When I was 12 years old, I pitched for a team in my local Little League, the D'Agostino Blue Jays. I was admittedly a wild southpaw, but I did throw with decent velocity for my age. Currently an outfielder in a semiprofessional baseball league, I will never forget my days of pitching out of some pretty bad jams.

I was really hard on myself when I wasn't throwing strikes. To this day, I can still hear the voice of my coach reverberating through the air. He would yell at me after every wild pitch to "Stop aiming the ball! Just throw it to the glove!"

I emerged from childhood emotionally unscathed from my coach's constant yelling at me. In fact, I learned to adopt this mind-set for tackling almost every obstacle that I faced, whether at work or in the competitive sports arena.

Solution: Avoid Pressing Too Hard

I have changed my coach's words to "Don't aim! Just throw the ball!" I now use this motivational catalyst statement with clients like John as a way to get them to clear the noise in their heads before they start work each day.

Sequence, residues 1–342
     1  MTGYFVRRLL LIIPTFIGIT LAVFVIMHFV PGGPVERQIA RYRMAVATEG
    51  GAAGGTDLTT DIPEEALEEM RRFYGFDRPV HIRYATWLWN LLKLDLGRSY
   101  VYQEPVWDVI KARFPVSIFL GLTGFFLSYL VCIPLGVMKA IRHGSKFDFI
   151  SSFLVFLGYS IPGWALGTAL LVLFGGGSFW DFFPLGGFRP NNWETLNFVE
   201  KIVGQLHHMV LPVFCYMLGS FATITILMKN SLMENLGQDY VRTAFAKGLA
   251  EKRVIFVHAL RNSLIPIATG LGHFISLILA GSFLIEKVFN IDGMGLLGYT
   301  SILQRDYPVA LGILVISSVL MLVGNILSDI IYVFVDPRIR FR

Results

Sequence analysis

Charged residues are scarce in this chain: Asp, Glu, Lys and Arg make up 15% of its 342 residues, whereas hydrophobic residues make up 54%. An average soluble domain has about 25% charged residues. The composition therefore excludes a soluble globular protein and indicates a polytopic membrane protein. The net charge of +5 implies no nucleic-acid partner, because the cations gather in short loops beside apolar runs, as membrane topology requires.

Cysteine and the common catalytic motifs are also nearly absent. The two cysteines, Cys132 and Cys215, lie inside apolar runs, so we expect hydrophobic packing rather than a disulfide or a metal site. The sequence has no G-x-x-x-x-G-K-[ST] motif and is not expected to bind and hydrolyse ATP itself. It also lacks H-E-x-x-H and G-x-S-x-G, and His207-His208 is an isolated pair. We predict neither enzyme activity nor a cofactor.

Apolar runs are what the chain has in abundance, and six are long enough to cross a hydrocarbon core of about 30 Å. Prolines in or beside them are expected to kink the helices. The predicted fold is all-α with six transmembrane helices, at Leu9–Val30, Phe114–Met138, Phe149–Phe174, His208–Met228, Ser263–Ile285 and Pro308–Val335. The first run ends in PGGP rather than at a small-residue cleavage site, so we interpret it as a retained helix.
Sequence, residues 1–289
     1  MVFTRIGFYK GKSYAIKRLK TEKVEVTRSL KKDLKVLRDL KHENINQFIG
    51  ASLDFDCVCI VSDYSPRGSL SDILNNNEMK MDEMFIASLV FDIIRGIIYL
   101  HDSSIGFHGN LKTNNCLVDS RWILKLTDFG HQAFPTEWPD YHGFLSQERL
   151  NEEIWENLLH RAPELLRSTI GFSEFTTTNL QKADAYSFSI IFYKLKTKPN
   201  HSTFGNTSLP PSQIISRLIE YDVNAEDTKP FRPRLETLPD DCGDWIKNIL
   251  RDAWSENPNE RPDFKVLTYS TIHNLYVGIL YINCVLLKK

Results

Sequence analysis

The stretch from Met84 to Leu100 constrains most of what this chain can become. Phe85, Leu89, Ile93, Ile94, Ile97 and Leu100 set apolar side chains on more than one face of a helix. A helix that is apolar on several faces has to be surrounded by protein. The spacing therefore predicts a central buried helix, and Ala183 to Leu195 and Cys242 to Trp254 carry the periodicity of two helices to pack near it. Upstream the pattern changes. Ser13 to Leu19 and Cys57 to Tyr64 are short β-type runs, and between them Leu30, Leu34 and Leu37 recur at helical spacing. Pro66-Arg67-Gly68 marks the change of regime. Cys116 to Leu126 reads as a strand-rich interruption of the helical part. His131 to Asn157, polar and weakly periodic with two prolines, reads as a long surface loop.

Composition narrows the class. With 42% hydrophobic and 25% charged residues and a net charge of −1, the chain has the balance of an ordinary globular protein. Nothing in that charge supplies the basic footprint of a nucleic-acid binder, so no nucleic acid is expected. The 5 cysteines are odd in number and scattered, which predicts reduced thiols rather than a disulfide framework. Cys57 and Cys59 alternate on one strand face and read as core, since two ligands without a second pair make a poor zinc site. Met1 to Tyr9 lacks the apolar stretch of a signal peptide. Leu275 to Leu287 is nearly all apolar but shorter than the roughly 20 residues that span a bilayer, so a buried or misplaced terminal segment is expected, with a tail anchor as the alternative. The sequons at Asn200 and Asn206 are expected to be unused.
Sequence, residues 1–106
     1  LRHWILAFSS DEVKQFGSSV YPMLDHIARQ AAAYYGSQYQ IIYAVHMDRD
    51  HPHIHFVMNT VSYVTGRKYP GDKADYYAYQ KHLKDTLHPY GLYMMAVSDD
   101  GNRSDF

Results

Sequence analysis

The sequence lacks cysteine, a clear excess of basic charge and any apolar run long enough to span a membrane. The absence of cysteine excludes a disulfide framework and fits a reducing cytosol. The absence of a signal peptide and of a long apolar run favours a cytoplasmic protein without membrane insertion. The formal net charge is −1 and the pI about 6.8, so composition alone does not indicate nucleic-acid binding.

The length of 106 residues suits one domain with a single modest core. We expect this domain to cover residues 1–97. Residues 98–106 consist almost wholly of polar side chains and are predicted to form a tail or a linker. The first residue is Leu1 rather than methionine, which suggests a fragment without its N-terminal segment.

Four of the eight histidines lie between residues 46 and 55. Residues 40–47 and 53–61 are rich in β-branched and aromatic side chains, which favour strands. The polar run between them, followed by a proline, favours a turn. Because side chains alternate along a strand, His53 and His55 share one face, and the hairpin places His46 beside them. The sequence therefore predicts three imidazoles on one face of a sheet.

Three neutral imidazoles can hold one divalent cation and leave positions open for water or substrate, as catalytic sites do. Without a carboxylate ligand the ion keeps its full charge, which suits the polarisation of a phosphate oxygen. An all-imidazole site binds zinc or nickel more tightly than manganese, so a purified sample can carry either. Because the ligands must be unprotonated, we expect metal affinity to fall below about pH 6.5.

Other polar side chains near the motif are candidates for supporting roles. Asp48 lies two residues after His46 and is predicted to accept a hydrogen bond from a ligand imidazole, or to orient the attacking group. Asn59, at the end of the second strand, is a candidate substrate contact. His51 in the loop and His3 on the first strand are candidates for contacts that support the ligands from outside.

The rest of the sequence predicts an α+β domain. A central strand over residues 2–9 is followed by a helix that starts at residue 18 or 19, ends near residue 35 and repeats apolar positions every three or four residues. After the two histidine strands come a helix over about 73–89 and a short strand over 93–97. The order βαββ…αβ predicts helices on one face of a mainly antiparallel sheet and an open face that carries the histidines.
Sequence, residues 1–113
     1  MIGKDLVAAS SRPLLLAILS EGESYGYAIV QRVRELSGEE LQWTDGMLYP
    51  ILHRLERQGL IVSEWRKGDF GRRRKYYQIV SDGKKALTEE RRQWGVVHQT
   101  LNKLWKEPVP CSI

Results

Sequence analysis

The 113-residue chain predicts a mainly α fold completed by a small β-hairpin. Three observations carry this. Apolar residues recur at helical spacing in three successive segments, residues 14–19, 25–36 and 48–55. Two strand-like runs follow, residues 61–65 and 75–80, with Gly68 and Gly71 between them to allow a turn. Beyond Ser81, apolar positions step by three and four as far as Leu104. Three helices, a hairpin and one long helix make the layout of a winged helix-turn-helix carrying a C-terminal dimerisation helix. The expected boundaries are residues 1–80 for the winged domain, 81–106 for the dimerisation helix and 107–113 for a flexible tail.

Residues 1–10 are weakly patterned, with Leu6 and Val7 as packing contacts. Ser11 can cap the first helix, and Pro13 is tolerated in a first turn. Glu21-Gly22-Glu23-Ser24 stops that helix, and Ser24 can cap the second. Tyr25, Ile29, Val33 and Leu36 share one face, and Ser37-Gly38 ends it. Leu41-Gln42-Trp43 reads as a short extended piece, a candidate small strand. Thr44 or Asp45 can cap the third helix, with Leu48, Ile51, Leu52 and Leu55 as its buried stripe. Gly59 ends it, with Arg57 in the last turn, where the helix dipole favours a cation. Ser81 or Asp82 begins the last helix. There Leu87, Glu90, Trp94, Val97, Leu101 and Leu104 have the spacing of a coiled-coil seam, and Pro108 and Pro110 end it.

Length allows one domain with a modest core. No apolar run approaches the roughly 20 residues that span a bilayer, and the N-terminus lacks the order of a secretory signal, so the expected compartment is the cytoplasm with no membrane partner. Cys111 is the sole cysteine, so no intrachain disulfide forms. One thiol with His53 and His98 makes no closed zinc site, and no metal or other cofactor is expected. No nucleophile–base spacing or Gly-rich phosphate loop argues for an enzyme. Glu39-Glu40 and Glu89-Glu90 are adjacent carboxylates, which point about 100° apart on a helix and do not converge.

John was obsessed with the fact that he was stalled and not progressing in his business. He was hyperfocused on what may have been wrong with his sales pitch or his investment strategy. Like a pitcher who tries desperately to change his windup and mechanics after going through a bad pitching outing, he couldn't let it go at the end of the day and change his outlook the following day.

John wanted to change everything that made him successful in the first place. I taught him to get back out there every day and just do what he knew best. Shake hands with a lot of people, follow his long-term investment strategy, attend more network venues and stop pressing so hard.

Whether we are pitchers, financial advisers, traders or surgeons, we can only reach optimal performance when we let our minds go and allow our bodies to do the work that they are trained to do.

It's important to look at the selloff this week as just an aberration in a long season. Use it as a beacon to re-examine your investment strategy, and you will succeed.